It can be frustrating to see other drivers speeding down the road, phone in hand, paying no attention to their surroundings. Engaging with visual distractions while driving is one example of reckless and negligent driver behavior. Distracted driving significantly increases the risks of a car accident.
Fortunately, the City of Richmond has recently taken measures intended to decrease instances of distracted driving. In December, Richmond City Council passed an ordinance that prohibits cell phone use while operating a motor vehicle. Current state laws mandate that drivers cannot email or text behind the wheel. However, city officials felt that, as written, the laws were not stringent enough to substantially reduce distracted driving. The recently passed ordinance will become effective in June 2020. The ordinance prohibits drivers from even having their cell phones in their hands while driving. If you have been involved in an accident and suspect the other driver of distracted driving then speak with a car accident attorney about your recovery options.
Holding My Phone Isn’t the Same as Using My Phone!
Richmond lawmakers know that holding a cell phone is not as distracting to drivers as actively using a cell phone. Even Police Chief Will Smith acknowledged that holding a phone and using a phone are two different things. However, he stated that the best way to prevent distracted driving is to prevent drivers from making contact with their phones at all. The potential to entertain yourself or become accidentally distracted, is too risky to allow people to hold their phones while driving.
Is Using Your Cell Phone While You’re Driving Really That Bad?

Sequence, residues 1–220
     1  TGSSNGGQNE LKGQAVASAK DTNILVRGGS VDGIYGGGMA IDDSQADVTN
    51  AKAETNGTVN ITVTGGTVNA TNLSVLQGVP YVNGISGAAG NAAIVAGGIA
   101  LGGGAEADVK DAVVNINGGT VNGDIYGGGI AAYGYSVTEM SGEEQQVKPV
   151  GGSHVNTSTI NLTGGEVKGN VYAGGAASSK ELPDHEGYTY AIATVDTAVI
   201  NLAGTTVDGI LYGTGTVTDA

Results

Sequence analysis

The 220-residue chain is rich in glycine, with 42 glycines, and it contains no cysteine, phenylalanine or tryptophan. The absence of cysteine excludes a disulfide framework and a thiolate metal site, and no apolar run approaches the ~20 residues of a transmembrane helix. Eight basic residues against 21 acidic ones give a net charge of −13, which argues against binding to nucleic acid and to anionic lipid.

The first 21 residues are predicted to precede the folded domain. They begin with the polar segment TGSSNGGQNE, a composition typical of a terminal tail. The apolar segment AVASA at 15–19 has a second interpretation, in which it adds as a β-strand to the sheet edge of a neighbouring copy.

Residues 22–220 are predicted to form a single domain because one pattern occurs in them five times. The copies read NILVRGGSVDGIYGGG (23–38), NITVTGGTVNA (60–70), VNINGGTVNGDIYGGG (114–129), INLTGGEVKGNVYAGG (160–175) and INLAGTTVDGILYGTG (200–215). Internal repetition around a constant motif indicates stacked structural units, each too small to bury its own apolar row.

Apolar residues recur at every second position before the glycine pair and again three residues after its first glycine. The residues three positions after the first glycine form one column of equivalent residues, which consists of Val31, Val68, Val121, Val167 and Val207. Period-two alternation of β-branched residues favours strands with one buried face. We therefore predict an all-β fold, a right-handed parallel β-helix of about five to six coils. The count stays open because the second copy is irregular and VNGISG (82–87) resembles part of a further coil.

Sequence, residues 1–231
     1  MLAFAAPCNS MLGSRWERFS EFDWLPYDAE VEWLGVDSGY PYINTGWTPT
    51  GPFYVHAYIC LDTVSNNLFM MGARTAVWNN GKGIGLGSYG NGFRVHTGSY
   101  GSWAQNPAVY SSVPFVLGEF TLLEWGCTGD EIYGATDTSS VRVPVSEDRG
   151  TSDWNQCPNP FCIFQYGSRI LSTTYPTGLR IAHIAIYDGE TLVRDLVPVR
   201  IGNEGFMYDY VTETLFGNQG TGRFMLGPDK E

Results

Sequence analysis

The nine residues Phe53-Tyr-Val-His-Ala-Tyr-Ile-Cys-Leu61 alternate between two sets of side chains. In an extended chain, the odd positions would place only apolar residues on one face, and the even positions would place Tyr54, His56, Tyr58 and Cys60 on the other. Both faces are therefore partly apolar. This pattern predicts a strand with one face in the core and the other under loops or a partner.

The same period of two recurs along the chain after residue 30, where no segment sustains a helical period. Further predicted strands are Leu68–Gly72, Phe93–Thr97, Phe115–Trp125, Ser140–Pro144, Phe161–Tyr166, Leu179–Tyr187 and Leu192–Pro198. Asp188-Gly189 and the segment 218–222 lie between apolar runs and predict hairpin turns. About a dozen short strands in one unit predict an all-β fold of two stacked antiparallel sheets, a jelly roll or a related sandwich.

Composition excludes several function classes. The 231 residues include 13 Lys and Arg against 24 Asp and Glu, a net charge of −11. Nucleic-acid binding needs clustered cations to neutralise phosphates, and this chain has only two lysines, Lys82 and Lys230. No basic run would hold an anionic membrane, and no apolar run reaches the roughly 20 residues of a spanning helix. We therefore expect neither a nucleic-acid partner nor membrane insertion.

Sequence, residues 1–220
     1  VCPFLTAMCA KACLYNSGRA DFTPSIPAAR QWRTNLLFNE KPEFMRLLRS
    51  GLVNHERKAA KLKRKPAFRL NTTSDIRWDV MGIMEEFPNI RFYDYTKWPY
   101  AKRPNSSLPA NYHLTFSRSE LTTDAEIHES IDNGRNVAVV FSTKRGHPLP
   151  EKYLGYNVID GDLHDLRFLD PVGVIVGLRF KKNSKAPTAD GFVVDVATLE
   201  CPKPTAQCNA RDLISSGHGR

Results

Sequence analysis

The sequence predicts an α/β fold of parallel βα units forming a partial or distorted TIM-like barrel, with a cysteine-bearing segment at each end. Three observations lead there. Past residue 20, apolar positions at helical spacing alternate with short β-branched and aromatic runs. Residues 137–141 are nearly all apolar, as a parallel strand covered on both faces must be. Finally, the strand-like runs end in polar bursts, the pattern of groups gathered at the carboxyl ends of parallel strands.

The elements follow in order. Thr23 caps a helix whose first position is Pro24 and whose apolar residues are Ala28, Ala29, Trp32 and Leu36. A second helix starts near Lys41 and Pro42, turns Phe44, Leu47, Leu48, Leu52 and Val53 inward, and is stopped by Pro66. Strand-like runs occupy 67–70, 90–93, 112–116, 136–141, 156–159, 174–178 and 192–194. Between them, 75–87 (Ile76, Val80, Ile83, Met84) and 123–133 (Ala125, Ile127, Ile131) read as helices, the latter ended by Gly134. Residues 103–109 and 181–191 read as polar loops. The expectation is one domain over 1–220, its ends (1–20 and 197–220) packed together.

Yes, drivers’ use of their cell phones is one of the primary sources of distraction while they are behind the wheel. The following statistics illustrate just how problematic cell phone use while driving can be.
- All the way back in 2013, the National Safety Council estimated that 20 percent of crashes (or 1.1 million crashes that year) involved handheld and hands-free cell phone use.
- In 2018, nearly 5,000 individuals died due to cell phone use behind the wheel.
- The National Highway Traffic Safety Administration recently reported that texting and driving is six times more dangerous than drunk driving.
Distracted driving refers to any driver behavior that takes your eyes off the road, hands off the wheel, or mind off driving. Using your phone to text, email, surf the web, or play games while you drive is distracted driving. Distracted driving is one of the leading causes of car accident fatalities nationwide. Drivers who insist on engaging in these behaviors put everybody around them at risk.
Even quick moments of glancing down at your phone can lead to injury and death. The CDC reports that sending or reading a text while driving takes an average of five seconds. In just five seconds, passenger vehicles moving at 55 miles per hour will travel the distance of a football field. Any amount of time that a driver looks away from the road while driving can substantially increase the risks of an accident.
Incomplete Data and the Stats
The available statistics concerning cell phone use and distracted driving are shocking. Even more shocking is the fact that cell phone crashes are severely under-reported. Under-reported instances of cell phone use leading to collisions hinder efforts to improve our laws and save lives.